I’ve arrived to Bali for a short stay. At the Ngurah Rai airport, I took a cab to Ubud, a small town of about 30,000 inhabitants located north of the airport and about ninety minutes away.
After checking into my room, I went out for a stroll around town. Ubud is a major hub for all sorts of regional drifters and the cafes and restaurants brim with tourists from every corner of the world. Riding on this wave of opportunity, the city sports numerous galleries and handcraft stores. The main attractions are the wood carvings, Balinese textiles, and paintings.
If you are interested in some wood or handmade crafts, the low currency exchange rate ($1= 11,910 Indonesian Rupiah) makes them very affordable. I visited a wood carver’s workshop in a nearby town and was amazed to find out that a hand carved teak house entrance door with elaborate screen and door frames was selling for abut $200-300 USD.
Before the trip, I had a mental image of Bali being a paradise. Turns out I wasn’t wrong. The island is a lush tropical forest that is full of monkeys, bubbling streams, waterfalls, and hundred eighty degree panoramas of remote, semi-active volcanoes. Unparalleled scenic beauty aside, the highlight of my visit was the doors, hands down.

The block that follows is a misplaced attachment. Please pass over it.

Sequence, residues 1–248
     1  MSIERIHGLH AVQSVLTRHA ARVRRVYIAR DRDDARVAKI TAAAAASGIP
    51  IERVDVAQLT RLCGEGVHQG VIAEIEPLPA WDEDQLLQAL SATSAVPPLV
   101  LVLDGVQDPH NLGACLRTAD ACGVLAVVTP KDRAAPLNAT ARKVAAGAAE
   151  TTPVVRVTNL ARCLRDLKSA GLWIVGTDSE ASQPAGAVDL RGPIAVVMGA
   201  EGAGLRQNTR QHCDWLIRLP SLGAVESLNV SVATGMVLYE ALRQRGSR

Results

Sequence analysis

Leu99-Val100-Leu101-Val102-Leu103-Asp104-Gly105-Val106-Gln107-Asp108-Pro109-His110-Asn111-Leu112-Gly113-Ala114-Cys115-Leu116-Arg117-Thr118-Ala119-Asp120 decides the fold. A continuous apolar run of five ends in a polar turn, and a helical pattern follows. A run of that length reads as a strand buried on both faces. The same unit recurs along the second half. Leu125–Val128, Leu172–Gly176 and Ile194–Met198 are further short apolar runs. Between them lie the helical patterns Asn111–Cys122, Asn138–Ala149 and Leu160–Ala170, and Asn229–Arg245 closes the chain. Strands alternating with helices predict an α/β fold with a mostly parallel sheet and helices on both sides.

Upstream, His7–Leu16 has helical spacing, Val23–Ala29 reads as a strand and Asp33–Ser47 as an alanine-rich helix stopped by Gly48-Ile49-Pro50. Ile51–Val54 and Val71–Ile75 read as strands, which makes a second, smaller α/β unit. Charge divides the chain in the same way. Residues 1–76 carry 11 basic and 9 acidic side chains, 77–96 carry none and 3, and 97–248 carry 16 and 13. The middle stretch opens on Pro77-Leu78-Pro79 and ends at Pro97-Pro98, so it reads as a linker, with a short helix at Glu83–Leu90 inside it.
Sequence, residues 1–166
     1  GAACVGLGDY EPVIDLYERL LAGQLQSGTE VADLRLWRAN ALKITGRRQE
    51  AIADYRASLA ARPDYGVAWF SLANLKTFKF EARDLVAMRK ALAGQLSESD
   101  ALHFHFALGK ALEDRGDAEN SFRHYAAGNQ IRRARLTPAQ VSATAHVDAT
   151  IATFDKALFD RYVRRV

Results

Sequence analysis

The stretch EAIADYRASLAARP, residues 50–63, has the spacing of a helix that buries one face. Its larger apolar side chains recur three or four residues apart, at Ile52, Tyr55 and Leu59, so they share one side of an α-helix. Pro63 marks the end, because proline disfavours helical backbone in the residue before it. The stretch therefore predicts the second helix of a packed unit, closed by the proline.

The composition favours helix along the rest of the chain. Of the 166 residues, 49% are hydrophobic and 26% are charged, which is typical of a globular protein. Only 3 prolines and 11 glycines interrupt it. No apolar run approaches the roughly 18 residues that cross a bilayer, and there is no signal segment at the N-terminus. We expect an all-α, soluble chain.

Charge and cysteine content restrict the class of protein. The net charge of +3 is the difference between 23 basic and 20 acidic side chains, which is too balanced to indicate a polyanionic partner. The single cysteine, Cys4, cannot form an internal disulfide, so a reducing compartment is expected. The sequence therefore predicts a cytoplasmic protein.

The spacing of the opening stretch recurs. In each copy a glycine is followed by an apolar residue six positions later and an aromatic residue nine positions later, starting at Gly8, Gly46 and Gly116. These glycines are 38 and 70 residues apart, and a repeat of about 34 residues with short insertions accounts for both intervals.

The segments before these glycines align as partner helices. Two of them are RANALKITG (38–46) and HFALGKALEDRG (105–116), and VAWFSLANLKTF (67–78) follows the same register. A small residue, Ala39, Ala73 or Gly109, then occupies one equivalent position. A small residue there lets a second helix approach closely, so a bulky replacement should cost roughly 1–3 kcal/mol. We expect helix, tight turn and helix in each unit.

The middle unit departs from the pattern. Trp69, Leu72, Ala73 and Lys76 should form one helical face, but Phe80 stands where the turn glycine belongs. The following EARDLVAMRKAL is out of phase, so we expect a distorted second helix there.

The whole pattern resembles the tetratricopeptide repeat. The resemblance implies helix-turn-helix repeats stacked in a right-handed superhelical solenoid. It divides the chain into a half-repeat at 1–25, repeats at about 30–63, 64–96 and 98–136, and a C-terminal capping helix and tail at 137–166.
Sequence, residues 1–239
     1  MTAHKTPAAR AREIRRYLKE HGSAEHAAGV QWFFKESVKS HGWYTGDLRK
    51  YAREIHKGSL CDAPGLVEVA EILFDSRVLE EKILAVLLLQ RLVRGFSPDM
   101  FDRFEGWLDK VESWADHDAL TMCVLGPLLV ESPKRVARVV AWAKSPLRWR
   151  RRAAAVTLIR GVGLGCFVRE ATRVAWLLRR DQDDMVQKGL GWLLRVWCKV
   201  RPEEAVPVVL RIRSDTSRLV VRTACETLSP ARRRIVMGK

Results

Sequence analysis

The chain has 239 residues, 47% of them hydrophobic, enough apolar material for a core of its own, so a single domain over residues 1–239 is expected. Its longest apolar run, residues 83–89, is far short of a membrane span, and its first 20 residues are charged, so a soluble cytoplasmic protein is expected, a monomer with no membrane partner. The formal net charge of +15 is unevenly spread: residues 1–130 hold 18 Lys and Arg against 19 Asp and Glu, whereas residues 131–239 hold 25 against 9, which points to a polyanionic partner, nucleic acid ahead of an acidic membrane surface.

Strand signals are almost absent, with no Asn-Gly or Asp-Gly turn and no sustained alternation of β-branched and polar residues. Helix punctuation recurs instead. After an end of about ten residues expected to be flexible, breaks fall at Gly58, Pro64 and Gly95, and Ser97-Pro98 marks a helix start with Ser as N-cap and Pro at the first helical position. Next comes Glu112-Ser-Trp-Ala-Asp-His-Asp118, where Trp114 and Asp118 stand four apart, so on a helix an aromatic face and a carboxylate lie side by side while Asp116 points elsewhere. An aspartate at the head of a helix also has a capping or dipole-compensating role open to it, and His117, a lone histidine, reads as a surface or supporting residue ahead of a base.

The streets in town have not been modernized yet and hence are a mixture of small business and old residential buildings. Because of the Hindu prominence, the island is covered with scores of temples which include large public structures like the Mother Temple of Besakih, small village temples, and endless family residential temples.
The entrance to the family residences and temples has a standard architectural form: a brick or masonry wall that surrounds the property and terminates in a wooded entry door. These doors are just magnificent and turned out to be the highlight of my trip. I must have seen dozens of them and as you can see all are equally awe inspiring in their detail and artistry.
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